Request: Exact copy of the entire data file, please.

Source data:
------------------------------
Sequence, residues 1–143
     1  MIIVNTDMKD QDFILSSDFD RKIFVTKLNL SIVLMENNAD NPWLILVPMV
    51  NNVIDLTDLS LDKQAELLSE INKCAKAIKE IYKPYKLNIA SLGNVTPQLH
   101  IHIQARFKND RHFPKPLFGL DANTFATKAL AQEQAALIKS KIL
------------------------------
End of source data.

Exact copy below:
Sequence, residues 1–143
     1  MIIVNTDMKD QDFILSSDFD RKIFVTKLNL SIVLMENNAD NPWLILVPMV
    51  NNVIDLTDLS LDKQAELLSE INKCAKAIKE IYKPYKLNIA SLGNVTPQLH
   101  IHIQARFKND RHFPKPLFGL DANTFATKAL AQEQAALIKS KIL